SABS, animal welfare and cage sizes
February was a good month for farmers as we welcomed significant amounts of rains, much to the farmers’ relief. The impact of the fall army worm was also less than initially feared, meaning that most of the maize crop is safe. It is hoped that these rains will translate to easing, at least to some effect, the price of maize and therefore that of feed. With nature taken care of, the industry can focus its energy on its sustainability and longevity.
On Friday 3 March 2017, the Minister of Agriculture, Forestry and Fisheries, Honourable Senzeni Zokwana, hosted a service delivery forum. The Minister uses this as a platform where industries can engage the Minister on various issues and challenges the industries face. In turn, the
industries take the opportunity to provide feedback to the Minister on the initiatives they are taking to grow the agriculture sector and also how they plan to contribute towards the 1 million additional jobs in agriculture by 2030. The grain, fruit, forestry and sugar industries had the opportunity to present their transformation initiatives. It would seem that transformation in these industries is not left to individual organisations, but rather they have programmes that are funded by the industry and where government money is used to supplement industry’s contributions.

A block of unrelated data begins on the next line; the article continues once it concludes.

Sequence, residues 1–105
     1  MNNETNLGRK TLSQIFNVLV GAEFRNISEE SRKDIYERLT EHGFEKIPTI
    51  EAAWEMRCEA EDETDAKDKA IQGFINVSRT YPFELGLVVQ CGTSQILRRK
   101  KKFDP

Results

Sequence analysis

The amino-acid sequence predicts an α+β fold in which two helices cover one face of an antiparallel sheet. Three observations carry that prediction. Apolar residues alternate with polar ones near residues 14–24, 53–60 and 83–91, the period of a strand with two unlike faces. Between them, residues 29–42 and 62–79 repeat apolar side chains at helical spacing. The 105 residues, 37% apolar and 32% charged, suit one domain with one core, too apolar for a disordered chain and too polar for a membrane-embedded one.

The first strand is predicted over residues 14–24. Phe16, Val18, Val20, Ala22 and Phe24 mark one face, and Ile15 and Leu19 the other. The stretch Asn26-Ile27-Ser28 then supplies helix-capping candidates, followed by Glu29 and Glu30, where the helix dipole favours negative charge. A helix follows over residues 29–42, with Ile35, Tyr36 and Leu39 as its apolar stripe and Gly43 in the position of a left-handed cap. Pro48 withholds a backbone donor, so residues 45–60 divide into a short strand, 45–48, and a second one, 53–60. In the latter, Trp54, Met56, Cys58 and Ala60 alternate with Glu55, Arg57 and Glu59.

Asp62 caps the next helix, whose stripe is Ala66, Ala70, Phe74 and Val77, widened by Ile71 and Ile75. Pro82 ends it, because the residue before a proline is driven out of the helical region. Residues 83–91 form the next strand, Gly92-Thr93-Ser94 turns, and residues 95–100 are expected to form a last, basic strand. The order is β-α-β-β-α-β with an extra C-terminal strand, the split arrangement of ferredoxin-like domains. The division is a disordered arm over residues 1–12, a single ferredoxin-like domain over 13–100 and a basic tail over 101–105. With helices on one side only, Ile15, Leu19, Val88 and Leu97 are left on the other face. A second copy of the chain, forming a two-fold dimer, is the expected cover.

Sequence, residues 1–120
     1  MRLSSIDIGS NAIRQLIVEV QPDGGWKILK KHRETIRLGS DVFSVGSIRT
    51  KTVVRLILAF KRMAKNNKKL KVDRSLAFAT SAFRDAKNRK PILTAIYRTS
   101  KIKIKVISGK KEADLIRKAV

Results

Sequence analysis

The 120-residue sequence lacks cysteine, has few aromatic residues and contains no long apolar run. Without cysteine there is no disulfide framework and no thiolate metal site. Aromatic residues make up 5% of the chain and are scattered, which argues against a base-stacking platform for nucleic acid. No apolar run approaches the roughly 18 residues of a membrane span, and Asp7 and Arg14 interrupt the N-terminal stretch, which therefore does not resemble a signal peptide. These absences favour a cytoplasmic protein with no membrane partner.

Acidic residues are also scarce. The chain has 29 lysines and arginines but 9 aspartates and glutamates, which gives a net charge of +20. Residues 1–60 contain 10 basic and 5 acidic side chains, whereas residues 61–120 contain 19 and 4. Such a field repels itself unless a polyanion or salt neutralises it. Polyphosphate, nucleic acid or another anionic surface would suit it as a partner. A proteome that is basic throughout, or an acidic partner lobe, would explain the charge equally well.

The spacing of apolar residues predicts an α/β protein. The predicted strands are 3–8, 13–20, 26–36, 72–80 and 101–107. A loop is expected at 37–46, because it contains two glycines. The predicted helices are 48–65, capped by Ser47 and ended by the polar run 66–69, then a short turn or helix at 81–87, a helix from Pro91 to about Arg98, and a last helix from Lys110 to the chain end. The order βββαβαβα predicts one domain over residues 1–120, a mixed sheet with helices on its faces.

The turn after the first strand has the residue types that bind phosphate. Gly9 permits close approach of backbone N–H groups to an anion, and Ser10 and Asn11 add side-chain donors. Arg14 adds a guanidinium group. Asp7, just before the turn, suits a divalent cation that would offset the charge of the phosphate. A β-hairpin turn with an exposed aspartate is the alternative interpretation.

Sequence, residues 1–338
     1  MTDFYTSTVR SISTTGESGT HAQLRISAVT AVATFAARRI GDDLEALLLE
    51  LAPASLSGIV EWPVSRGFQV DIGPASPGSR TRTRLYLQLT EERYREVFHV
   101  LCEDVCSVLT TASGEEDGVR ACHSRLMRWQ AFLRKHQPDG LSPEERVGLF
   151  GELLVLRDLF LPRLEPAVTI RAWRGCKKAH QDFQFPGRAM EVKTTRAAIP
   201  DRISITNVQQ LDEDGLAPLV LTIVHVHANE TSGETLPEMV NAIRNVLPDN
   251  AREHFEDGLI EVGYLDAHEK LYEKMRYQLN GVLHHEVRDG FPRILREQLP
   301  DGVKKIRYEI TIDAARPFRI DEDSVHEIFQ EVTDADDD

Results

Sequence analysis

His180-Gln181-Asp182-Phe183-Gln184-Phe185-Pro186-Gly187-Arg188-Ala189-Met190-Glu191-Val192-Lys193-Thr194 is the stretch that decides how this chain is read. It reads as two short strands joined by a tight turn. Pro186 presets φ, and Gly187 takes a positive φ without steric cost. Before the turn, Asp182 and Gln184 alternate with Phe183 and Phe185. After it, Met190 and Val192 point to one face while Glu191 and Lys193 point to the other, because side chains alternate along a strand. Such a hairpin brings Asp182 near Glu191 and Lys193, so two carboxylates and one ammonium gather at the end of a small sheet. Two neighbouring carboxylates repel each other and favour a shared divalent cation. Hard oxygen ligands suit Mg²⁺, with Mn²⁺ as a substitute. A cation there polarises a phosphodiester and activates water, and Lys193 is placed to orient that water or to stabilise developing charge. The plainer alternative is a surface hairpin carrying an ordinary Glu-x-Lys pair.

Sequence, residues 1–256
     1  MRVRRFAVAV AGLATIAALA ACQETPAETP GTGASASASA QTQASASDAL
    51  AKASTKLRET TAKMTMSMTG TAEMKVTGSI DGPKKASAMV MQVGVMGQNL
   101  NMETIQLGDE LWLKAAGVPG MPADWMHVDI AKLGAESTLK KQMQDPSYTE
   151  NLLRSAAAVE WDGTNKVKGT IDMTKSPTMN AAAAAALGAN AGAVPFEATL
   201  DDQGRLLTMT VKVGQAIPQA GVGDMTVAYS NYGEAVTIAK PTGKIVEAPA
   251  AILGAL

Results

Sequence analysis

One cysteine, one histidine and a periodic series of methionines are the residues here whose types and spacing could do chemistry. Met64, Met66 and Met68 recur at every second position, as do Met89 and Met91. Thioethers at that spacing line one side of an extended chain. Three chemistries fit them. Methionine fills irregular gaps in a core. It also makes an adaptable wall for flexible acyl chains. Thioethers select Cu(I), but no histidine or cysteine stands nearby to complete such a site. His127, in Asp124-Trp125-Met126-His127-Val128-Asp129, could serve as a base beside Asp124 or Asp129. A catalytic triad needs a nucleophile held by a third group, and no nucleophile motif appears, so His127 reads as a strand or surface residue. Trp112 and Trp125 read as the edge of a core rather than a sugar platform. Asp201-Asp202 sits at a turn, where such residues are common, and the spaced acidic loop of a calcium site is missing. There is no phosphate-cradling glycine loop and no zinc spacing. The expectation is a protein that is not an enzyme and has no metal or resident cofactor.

While listening to the presentation, it dawned on me that in the poultry industry, transformation is still left to the individual organisations to transform their own entities. At that moment, one tried to think of areas where the poultry industry had championed such transformation initiatives, and realised that transformation to a large extent is left in the hands of individual companies. It became apparent that even though there is a plan, it requires industry buy-in and for the industry to channel these efforts via the association to ensure that the synergies are optimised and meaningful progress can be demonstrated.
There are many opportunities to access funds that government has set aside for transformation. To access such funds, the industry needs to have a plan that seeks to contribute towards government’s objectives of seeing the successful introduction of black industrialists, as well as more participation by black people in the broiler and egg value chains.
It is paramount that if producers are looking at entering into transformation transactions, SAPA is engaged to assist in finding the right partners. SAPA can be instrumental in identifying partners who are already involved in the business and looking to grow their operations. We have government’s support and commitment; let us use it to enhance the industry and further increase the industry’s contribution to GDP.